Garfield (Dock) Smith recalled in 1958 that his father was a good, moral man although he did not belong to a church. "He didn't gamble, cuss or smoke but chewed tobacco". The first time he indicated that he knew his son,Dock, chewed,they were in the field and his father said, "Garfield, haven't you got a little chew?". Garfield said he had the tobacco but was afraid to say so. He said he never wanted to give anybody a chew so bad in his life. He said that the Smiths were Republicans and that their philosophy was, "the least government is the best government."

Thomas Greer said that both of Asa Smith's wives were fine women and that he Liked both of them. Dock Smith said that his mother, a devout Methodist, would go for miles on her fine horse to "meetings". She did all her cooking for Sunday on Saturday so that she didn't have to work on Sunday. For her funeral, which was held a few months after her death in January, benches were made of slabs of lumber on blocks of wood for what seemed to her son to be a thousand people attending (funerals were preached by Asbury Wright for two other people that same day and place so there must have been a huge crowd).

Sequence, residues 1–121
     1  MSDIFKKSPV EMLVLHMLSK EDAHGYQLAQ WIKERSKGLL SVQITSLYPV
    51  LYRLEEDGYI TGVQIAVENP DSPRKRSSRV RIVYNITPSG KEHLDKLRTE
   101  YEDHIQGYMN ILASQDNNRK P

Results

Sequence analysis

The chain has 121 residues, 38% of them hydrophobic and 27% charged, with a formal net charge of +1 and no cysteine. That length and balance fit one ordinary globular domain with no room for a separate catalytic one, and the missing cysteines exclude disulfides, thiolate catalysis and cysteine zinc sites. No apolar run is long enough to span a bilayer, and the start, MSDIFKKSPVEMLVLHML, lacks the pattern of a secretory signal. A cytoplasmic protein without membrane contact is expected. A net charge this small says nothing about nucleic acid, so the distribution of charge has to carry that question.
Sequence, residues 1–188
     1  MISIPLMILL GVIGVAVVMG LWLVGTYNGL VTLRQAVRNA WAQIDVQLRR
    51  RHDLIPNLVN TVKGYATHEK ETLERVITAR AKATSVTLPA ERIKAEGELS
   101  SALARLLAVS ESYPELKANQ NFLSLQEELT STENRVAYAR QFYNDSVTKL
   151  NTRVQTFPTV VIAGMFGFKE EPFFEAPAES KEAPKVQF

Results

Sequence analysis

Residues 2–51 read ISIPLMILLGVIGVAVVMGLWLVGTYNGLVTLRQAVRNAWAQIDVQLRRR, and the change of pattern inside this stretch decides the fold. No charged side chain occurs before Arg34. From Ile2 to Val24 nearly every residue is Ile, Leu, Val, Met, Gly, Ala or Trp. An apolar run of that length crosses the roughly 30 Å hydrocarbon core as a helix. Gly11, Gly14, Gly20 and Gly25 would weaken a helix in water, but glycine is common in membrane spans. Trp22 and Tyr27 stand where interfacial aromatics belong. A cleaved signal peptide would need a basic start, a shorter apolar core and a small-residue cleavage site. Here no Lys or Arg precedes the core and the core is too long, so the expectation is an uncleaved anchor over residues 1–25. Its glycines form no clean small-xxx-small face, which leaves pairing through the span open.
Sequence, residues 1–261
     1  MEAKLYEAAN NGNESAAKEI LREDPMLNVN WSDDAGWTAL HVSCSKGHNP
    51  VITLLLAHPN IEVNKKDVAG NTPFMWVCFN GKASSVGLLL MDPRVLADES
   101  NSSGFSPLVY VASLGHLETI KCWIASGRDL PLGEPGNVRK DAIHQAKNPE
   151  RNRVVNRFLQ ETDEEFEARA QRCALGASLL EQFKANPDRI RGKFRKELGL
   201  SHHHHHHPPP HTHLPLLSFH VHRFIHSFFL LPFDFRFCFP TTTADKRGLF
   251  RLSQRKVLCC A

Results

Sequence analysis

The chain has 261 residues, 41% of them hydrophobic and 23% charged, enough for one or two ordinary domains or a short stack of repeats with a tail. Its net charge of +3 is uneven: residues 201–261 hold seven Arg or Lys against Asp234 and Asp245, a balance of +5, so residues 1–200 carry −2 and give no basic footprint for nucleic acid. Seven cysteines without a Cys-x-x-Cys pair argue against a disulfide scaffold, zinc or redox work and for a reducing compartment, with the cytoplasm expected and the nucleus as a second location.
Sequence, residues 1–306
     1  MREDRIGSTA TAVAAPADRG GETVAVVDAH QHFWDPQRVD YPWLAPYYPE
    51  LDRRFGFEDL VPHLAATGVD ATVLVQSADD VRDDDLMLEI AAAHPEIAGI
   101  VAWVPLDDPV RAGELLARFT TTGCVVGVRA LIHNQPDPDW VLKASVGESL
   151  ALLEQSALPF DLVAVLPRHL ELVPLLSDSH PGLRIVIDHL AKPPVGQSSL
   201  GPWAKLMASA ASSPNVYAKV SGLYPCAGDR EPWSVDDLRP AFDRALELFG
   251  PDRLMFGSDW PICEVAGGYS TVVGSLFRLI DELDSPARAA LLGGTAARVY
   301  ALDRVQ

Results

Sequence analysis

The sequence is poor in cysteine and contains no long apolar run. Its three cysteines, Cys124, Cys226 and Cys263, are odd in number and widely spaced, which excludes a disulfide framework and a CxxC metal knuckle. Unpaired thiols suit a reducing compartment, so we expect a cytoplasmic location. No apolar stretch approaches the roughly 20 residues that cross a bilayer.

One of the few things Dock Smith remembered about his grandmother Fannie Cobb Smith (she lived with them) is that she was a very old woman who sat in the chimney corner and smoked a clay pipe. He would get hot coals for her from the fire to Light her pipe.

In 1958, James Blaine Reagan, a Jamestown attorney, wrote to one of Ass Smith's granddaughters: ". .. I helped to elect Asa Smith twice to the office of Road Superintendent for Fentress County. He was one among the best men that I ever knew. .. ." Luther Smith, youngest child of Asa Smith, remembers that when his parents died, their caskets were made of walnut by BiLly Pierce who made all the caskets in the vicinity at that time. Trudy Bowden Randall, a granddaughter, recalls that Asa Smith was buried with his shoes and hat on. He is buried between both of his wives in the Chism cemetery at Boatland and all three graves have identical tombstones.

by Tennga S.Conner
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Posted with permission from Curtis Media Corporation
This page was last updated on 01/24/99.